It is difficult to ignore the meteoric rise of Tesla over the past 10 years…
After initially gaining attention for producing the world’s first electric sports car, Elon Musk’s company diversified its automotive line-up before branching out into energy storage.
While it posted a wider than expected fourth quarter loss, strong sales helped boost revenue to US$2.28 billion from US$1.21 billion a year ago.
During this time, Tesla also acquired solar power provider SolarCity, which added US$77 million of cash to the business.
As a result, Tesla was named top stock-market pick for 2017 by Baird Equity Research.
But does all of that lead to Tesla being a smart choice for Australian investors?
Is Tesla’s popularity due a knock or, indeed, are there other factors that could put you off from parting with your hard earned dollars?
The case for Tesla
Despite the fact Chairman and CEO Elon Musk is looking for additional financing this year, he revealed that the company has enough cash to bring out the Model 3.
But, not doing so now would bring Tesla ‘closer to the edge’ which was: “Probably not the best thing for shareholders. I think it makes sense to raise capital to reduce risk.”
Even so, Tesla remains a solid stock market pick for 2017 according to Ben Kallo, analyst at Baird Equity Research.
He feels as though an increase in battery production and sales will coincide with the launch of the Model 3, an all-electric sedan that should cost around US$35,000.
“We believe TSLA’s energy storage business and growth opportunity is not currently reflected in share prices,” Kallo wrote in a note.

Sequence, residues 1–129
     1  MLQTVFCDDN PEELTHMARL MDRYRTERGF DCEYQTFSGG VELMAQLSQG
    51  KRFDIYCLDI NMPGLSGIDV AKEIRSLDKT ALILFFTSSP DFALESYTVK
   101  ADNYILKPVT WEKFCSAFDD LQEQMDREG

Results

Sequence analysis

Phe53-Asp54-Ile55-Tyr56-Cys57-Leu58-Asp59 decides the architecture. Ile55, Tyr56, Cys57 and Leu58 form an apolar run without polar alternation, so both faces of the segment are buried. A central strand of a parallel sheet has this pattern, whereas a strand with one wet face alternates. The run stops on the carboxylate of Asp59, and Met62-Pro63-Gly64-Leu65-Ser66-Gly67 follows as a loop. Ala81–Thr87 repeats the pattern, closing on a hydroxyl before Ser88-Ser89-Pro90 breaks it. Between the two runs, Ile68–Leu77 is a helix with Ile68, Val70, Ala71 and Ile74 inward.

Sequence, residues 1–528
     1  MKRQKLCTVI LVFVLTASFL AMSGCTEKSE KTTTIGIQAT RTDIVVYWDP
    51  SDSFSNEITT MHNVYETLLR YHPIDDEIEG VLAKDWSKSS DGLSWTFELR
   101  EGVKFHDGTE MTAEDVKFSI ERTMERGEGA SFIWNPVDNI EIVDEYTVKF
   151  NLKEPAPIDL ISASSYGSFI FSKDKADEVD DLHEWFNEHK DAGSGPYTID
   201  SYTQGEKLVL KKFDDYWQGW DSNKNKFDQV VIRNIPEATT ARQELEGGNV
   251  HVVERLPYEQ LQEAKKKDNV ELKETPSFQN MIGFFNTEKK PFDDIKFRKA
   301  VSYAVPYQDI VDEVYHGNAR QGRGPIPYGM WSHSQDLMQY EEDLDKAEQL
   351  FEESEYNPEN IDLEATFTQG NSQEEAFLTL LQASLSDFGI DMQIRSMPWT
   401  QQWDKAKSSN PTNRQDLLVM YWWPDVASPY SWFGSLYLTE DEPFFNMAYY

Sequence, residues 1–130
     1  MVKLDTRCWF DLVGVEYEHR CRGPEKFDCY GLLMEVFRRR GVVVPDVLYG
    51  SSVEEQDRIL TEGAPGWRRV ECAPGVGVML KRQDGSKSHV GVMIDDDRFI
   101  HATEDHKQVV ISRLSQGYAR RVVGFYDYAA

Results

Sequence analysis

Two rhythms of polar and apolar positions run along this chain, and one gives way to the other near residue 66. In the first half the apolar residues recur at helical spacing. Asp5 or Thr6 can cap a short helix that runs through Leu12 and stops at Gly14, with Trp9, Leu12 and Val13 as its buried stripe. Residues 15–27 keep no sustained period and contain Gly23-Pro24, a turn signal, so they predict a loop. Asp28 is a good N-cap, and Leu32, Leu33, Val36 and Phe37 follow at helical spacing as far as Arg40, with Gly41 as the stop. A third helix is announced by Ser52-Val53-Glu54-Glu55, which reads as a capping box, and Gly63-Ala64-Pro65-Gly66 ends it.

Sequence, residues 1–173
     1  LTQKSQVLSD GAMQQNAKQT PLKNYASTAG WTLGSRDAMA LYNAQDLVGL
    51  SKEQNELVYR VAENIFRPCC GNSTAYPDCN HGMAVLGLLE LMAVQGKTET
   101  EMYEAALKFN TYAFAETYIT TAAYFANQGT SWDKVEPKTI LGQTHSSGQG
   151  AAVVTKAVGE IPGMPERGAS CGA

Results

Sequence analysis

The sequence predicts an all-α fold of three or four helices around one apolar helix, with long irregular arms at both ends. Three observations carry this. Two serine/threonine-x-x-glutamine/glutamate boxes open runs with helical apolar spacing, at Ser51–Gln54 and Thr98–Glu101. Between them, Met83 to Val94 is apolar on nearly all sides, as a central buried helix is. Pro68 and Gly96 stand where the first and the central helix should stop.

Musk himself added the company has a long line of reservation holders for the car and that production is ‘on track’ to begin production in July.
On this evidence, 2017 doesn’t look like being the year when Tesla is knocked off course.
Currency fluctuations shouldn’t be ignored
Yet the start of 2017 has been a turbulent time for the markets, not least due to the arrival of President Trump onto the scene.
No-one yet knows how the new man in the White House will settle into the role but his arrival did send ripples through the global economy.
As Trump came to office, the Australian dollar suffered a dramatic drop to just US71.76C.
Fluctuations such as this might well provide opportunities for investors with a keen eye on the AUD to USD price but they’re less positive for those looking to Tesla.
It’s not yet clear if Trump will be keen on electric cars and his view might well be important. He did meet Elon Musk in his first week in office after all.
The brand itself seems sound, but no-one should ignore the wider economic factors and the impact of the exchange rate on the value of this sort of investment.
For the short term at least, that might make people more cautious about Tesla.